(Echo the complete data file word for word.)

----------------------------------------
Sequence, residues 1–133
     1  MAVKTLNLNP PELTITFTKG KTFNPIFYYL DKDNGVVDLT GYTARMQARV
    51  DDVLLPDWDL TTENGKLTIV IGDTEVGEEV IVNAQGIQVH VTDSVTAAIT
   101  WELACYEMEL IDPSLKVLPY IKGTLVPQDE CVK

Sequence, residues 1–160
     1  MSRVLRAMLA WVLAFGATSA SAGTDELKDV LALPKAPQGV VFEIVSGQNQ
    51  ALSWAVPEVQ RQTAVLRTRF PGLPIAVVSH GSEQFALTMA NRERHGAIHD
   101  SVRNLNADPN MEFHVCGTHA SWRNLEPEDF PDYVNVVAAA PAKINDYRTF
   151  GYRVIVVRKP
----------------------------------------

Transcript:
Sequence, residues 1–133
     1  MAVKTLNLNP PELTITFTKG KTFNPIFYYL DKDNGVVDLT GYTARMQARV
    51  DDVLLPDWDL TTENGKLTIV IGDTEVGEEV IVNAQGIQVH VTDSVTAAIT
   101  WELACYEMEL IDPSLKVLPY IKGTLVPQDE CVK

Sequence, residues 1–160
     1  MSRVLRAMLA WVLAFGATSA SAGTDELKDV LALPKAPQGV VFEIVSGQNQ
    51  ALSWAVPEVQ RQTAVLRTRF PGLPIAVVSH GSEQFALTMA NRERHGAIHD
   101  SVRNLNADPN MEFHVCGTHA SWRNLEPEDF PDYVNVVAAA PAKINDYRTF
   151  GYRVIVVRKP